Lessons from Women in Real Estate: A Problem-Focused ApproachOctober 2, 2019
As a Principal at Alate Partners, Courtney Cooper identifies and scales innovation in our industry through Alate’s portfolio of promising PropTech companies. She is a recognized expert in leading innovation initiatives and transforming businesses in the real estate sector. Like R-LABS, Courtney promotes an inclusive approach that centres around solving problems in the real estate industry. In the article below, Courtney shares her story as a female leader in PropTech and discusses changing perspectives within our industry.
In 2018, Nikki Greenberg approached me to launch the Toronto chapter for Women in PropTech. Before joining, I wanted to make sure that we were adding value to the Toronto community. Across the industry, there are some incredible real estate and tech groups, so it was vital for me to figure out how we could complement, rather than compete, with the existing networks.
I spoke with some of the PropTech founders and real estate leaders in Toronto, and the feedback I received was resoundingly positive. We’ve found that Women in PropTech encourages new groups of people to show up to our events. There is an undeniable interest in showcasing the talented women already leading the way and to encourage more women to step up to lead innovation within their organizations. We’ve also seen incredible men support this initiative and ask how they can get involved.
I’ve seen many women tackle big issues in real estate throughout my career, and I knew I also wanted to be part of that evolution. I wanted to ensure that the problem remained front-and-centre and that we were leveraging unconventional sources to solve problems in real estate.
Putting Innovation First
I started working on technology initiatives at Dream nearly ten years ago. At the time, we surveyed the landscape and spoke with many of the largest real estate companies about their technology stack and future roadmap.
For the most part, we found large accounting systems from incumbent tech companies and limited solutions focused on improving employee productivity or tenant experience. Leaders were looking for ways to simplify manual tasks, improve access to information, and leverage data and analytics. Unfortunately, there were fewer options available at that time, and many of the ones that existed weren’t very intuitive. PropTech wasn’t on the radar.
So, we did what we could. We made process improvements, implemented third-party solutions, and even built custom software and data solutions in-house.
Improving Day-To-Day Business
As I grew in my career, I could see that the environment was changing significantly. Consumer technology was much further ahead than what we used in the workplace. Our enterprise software was unnecessarily manual, and most of it wasn’t developed with real estate in mind. I was excited to see founders looking to help a wide range of real estate professionals in their jobs and improve the experience of tenants and residents in our communities.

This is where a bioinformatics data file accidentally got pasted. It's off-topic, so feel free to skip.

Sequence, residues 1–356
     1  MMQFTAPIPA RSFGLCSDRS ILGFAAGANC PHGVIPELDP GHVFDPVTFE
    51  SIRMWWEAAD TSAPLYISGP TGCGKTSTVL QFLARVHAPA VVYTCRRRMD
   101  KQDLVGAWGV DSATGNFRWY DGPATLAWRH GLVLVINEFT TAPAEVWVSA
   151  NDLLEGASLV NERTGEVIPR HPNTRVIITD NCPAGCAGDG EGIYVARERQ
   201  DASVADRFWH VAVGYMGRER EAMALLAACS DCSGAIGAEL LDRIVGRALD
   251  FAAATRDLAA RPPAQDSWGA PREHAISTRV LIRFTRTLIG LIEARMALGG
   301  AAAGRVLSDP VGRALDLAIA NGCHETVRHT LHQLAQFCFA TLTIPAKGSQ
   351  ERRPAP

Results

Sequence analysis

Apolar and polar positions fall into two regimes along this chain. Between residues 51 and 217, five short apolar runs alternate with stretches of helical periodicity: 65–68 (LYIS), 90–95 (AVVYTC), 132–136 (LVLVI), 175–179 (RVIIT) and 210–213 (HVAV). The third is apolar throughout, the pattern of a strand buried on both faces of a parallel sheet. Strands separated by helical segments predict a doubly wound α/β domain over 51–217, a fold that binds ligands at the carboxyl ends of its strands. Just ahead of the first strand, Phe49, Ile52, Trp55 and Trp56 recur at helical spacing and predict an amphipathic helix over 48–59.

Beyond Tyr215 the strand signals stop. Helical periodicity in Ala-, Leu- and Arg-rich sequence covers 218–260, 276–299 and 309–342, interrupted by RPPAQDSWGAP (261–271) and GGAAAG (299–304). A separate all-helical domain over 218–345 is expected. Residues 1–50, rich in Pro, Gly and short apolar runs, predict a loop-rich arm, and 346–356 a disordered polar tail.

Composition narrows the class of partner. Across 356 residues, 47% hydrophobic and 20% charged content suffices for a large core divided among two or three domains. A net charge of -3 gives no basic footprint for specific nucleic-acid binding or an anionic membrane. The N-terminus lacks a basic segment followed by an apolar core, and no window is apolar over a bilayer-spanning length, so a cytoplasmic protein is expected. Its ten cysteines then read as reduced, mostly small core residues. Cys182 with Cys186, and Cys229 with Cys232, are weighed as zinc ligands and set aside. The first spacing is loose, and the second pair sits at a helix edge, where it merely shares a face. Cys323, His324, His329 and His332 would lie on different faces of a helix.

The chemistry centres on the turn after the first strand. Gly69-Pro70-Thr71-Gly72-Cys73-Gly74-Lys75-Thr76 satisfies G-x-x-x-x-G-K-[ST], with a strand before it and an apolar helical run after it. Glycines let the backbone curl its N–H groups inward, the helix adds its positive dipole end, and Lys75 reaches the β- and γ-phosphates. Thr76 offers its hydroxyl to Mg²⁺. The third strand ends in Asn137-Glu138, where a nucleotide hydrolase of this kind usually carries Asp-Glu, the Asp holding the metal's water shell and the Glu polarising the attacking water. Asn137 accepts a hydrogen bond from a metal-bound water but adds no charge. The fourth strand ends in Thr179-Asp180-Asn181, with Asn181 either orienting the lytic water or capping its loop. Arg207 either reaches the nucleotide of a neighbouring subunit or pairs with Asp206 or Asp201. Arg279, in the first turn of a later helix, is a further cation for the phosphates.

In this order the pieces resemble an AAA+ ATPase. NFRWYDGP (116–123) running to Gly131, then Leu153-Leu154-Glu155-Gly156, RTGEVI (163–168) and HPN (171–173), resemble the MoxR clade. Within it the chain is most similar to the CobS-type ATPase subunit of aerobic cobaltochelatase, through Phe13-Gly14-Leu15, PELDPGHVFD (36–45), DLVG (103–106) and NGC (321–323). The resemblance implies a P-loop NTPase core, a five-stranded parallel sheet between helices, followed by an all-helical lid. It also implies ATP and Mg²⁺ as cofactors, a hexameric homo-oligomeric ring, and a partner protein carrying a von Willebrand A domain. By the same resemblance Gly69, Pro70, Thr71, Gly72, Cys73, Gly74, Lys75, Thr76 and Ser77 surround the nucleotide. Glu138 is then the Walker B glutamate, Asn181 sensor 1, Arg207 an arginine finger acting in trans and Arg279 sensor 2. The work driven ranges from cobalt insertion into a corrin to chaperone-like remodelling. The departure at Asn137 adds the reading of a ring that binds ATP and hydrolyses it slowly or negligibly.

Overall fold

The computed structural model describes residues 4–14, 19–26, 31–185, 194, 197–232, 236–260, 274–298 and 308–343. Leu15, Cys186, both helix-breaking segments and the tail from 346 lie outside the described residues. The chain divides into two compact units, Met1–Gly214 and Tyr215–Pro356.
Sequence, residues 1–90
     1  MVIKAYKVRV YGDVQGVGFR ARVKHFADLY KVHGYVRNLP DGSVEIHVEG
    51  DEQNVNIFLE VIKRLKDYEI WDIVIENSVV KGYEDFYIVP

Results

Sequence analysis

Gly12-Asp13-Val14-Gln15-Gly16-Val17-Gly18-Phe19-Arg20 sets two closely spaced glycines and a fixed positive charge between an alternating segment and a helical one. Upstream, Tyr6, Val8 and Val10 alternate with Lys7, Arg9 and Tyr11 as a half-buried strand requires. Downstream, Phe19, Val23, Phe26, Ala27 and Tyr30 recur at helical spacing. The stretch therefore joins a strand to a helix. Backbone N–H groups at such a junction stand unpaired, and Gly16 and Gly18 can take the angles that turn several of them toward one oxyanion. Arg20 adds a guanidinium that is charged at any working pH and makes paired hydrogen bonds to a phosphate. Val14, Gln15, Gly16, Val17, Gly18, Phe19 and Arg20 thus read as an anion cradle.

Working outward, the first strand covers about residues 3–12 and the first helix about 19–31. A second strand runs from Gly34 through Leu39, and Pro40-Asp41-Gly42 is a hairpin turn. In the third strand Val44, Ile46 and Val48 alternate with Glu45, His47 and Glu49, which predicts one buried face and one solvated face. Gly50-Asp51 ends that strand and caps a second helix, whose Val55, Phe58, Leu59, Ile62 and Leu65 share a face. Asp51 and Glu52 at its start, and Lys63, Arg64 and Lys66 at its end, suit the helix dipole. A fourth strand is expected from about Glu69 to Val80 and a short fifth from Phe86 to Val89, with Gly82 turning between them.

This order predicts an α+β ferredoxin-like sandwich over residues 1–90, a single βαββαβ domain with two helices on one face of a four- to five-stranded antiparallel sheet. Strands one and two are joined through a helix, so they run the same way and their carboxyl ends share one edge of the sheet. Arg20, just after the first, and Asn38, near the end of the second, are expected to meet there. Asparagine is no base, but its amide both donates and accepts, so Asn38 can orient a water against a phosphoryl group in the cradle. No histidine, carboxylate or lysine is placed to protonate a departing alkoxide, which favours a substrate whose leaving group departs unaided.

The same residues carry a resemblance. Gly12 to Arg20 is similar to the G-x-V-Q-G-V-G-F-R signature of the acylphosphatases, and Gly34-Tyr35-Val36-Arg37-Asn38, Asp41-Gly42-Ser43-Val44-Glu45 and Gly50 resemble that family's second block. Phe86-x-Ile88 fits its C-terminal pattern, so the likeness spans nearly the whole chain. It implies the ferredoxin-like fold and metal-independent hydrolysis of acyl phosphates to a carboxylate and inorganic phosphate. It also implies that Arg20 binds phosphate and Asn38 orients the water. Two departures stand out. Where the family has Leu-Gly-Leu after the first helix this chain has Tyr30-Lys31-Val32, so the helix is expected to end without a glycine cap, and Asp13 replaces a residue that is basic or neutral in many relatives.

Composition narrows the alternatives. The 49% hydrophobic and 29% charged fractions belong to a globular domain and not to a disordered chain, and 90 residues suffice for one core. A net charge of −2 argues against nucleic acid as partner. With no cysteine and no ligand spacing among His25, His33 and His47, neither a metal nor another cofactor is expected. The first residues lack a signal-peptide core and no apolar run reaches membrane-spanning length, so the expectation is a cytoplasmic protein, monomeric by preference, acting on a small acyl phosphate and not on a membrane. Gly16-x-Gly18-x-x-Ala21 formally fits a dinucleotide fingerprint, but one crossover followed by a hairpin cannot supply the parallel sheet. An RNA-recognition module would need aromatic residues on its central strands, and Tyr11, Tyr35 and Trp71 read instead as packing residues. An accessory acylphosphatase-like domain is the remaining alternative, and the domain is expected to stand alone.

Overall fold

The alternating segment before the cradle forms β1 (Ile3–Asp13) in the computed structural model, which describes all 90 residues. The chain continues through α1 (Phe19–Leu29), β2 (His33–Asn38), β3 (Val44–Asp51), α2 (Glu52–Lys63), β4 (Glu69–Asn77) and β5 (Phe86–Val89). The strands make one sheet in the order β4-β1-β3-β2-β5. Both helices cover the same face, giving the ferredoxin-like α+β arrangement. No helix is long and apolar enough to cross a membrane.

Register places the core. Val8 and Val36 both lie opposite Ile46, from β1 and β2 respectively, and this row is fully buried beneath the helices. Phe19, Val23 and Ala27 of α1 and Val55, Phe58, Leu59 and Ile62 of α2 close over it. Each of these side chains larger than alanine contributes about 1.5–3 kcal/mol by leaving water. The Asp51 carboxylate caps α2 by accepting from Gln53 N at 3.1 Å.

At Alate Partners, we’ve set out to invest in founders who are accelerating the development and adoption of technology in the real estate industry. In this role, I get to meet and work with a diverse group of founders – both from within the real estate industry and serial entrepreneurs coming from other sectors – who are tackling the types of problems I was focused on as a real estate professional at Dream.
PropTech is still in its infancy, and there is a huge opportunity for growth. Companies like VTS, Honest Buildings, Convene, and Open Door launched within the last 5 to 10 years. Every day, we meet promising early-stage companies that are rethinking the way we design, build, invest, operate, and utilize space. It’s a really exciting time.
Encouraging the Next Generation of Leaders
Going forward, I’m excited to work with diverse groups to grow the real estate tech community, and I would love to see more female founders entering real estate. For me, it’s all about connecting talented individuals with real estate professionals who want to embrace innovation and change within their organization.
I think it’s important to understand the history of our industry for context; Why do we do the things we do? Why did it develop this way? The ways we’ve done things in the past may not be the ways that we do them in the future. In some cases, there are simply things that we can get rid of because they don’t make sense anymore.
From new mindsets to innovative technologies, we are more equipped than ever to meet consumer demands and solve problems. Regardless of your background, it’s important to consider what’s changed and what you can do in your role to make things better, faster, and easier. My advice to anyone looking to grow in the space is to be open to challenging the status quo.